One of the most haunting experiences I have ever had as a man took place on an early summer day in Alaska. My family and I were sea kayaking with humpback whales in the Icy Strait, and we stopped on the shore of Chichagof Island for lunch. Our guide asked us if we wanted to go for a hike into the interior of the island, to a clearing where grizzlies were known to feed. We were all over that invitation.
After a twenty minute walk through a spruce forest, we came into what appeared to be a broad, open meadow about four hundred yards across. Being midday, and hot, there were no bears to be seen. “They’re sleeping now, through the afternoon. They’ll be back tonight,” he said. “C’mere — I want to show you something.”
The meadow was actually more of a bog, a low-lying jungle of brushy groundcover about two feet high, barely supported underneath by another foot of soaked moss and peat. A very difficult place to walk. Our guide led us to a trail of what seemed to be massive footprints, with a stride of about two feet between them, pressed down into the bog and making a path through it.
“It’s a marked trail,” he said. A path created by the footprints of the bears. “This one is probably centuries old. For as long as the bears have been on this island, they’ve taken this path. The cubs follow their elders, putting their feet exactly where the older bears walk. That’s how they learn to cross this place.”
I began to walk in the marked trail, stepping into the firm, deep-worn places where bears had walked for centuries. I’m not sure how to describe the experience, but for some reason the word holy comes to mind. An ancient and fearful path through a wild and untamed place. I was following a proven way, laid down by those much stronger and far more prepared for this place than me. And though I knew I did not belong there, I was haunted by it, could have followed that path for a long, long time. It awakened some deep, ancient yearning in me.
Fathered by God is about what it looks like to become a man, and — far more to our need — how to become a man. There is no more hazardous undertaking, this business of “becoming a man,” full of dangers, counterfeits, and disasters. It is the Great Trial of every man’s life, played out over time, and every male young and old finds himself in this journey. Though there are few who find their way through. Our perilous journey has been made all the more difficult because we live in a time with very little direction. A time with very few fathers to show us the way.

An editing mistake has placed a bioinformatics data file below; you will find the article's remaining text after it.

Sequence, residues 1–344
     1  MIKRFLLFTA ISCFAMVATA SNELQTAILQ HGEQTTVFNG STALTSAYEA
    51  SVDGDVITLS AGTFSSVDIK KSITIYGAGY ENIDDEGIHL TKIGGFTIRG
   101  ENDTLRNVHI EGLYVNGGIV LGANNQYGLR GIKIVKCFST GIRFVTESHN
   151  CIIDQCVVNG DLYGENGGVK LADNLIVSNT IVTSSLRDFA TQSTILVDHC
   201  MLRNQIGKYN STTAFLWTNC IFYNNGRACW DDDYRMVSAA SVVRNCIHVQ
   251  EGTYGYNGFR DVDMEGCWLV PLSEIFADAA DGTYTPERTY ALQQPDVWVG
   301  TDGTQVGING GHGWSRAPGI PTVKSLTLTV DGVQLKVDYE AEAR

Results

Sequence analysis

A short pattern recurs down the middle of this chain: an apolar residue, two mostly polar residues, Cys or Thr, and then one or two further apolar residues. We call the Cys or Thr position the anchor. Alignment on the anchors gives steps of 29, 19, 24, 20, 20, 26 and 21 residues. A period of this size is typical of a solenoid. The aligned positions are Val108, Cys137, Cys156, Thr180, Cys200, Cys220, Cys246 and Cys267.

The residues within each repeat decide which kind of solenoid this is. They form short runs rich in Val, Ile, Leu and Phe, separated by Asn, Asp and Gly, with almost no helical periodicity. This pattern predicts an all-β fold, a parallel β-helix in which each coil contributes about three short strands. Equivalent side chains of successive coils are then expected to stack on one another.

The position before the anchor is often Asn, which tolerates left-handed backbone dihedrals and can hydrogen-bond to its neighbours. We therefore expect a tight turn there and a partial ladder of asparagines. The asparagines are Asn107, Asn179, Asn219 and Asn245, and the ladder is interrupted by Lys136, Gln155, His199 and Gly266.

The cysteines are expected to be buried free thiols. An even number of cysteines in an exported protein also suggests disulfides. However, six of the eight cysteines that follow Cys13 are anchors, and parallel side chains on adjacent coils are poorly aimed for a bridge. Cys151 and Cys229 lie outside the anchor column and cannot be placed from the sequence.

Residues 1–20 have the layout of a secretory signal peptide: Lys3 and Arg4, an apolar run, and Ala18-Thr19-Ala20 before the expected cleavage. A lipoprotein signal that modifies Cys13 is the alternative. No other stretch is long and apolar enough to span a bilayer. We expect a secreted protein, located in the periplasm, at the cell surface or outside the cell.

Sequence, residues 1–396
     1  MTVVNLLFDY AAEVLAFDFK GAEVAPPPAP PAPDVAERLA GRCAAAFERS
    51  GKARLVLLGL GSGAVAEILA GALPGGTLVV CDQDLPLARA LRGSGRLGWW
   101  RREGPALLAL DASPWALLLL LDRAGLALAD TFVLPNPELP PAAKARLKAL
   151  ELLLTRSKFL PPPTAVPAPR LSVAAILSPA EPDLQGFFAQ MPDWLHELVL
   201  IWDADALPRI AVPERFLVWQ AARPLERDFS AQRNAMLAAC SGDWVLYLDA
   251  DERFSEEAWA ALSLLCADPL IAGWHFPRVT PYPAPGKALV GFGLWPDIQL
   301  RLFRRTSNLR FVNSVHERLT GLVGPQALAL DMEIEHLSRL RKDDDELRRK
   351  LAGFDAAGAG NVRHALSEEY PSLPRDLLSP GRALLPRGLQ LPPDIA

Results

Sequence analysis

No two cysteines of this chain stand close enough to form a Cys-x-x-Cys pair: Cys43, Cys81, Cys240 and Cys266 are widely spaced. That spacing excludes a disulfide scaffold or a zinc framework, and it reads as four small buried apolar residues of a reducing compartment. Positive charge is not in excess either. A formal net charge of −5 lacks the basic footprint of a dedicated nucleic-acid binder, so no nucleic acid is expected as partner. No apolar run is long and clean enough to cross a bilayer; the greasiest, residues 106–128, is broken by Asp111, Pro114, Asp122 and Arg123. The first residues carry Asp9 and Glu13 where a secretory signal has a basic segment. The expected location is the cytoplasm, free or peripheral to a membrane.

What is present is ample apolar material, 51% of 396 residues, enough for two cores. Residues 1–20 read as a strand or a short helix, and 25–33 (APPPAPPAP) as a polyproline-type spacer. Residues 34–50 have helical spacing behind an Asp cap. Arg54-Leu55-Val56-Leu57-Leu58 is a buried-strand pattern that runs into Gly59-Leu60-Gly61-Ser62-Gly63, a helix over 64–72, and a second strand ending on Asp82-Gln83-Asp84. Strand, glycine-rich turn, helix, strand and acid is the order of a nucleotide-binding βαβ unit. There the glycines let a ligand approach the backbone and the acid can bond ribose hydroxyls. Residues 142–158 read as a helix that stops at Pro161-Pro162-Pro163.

As men, we desperately need something like that marked trail on Chichagof Island. Not more rules, not another list of principles, not formulas. A sure path, marked by men for centuries before us.
I believe we can find it.
I love maps. Most men do. The pleasure of a map is that it gives you the lay of the land, and yet you still have to make choices about how you will cover the terrain before you. A map is a guide, not a formula. It offers freedom.
It does not tell you how fast to walk, though when you see the contour lines growing very close together, you know you are approaching steep terrain and will want to mend your stride. It does not tell you why the mountain is there, or how old the forest is. It tells you how to get where you are going.
I’ve often wondered at the long lists found many places in the Bible that recount a roster of men as “the son of so-and-so, who was the son of so-and-so.” You’ll find many of these rosters in the Scriptures, and elsewhere in ancient literature. Perhaps these accounts reveal something we hadn’t noticed before — a fatherview of the world held by those who wrote them, shared by those who would read them. Perhaps they saw in the father-son legacy the most significant of all legacies, that to know a man’s father was in great part to know the man. And then, if you step back further to have a look, you’ll see that the God of the Bible is portrayed as a great Father — not primarily as mother, not merely as Creator — but as Father.
You see, the world in which we live has lost something vital, something core to understanding life and a man’s place in it. For the time in which we live is, as the social prophet Alexander Mitcherlie had it, a time without a father. I mean this in two ways. First, that most men and most boys have no real father able to guide them through the jungles of the masculine journey, and they are — most of us are — unfinished and unfathered men. Or boys. Or boys in men’s bodies. But there is a deeper meaning to the phrase “a time without a father.” Our way of looking at the world has changed. We no longer live, either as a society or even as the church, with a fatherview of the world, the view centered in the presence of a loving and strong father deeply engaged in our lives, to whom we can turn at any time for the guidance, comfort, and provision we need.
And that is actually an occasion for hope. Because the life you’ve known as a man is not all there is. There is another way. A path laid down for centuries by men who have gone before us. A marked trail. And there is a Father ready to show us that path and help us follow it.
Excerpted with permission from Fathered by God by John Eldredge, copyright John Eldredge.
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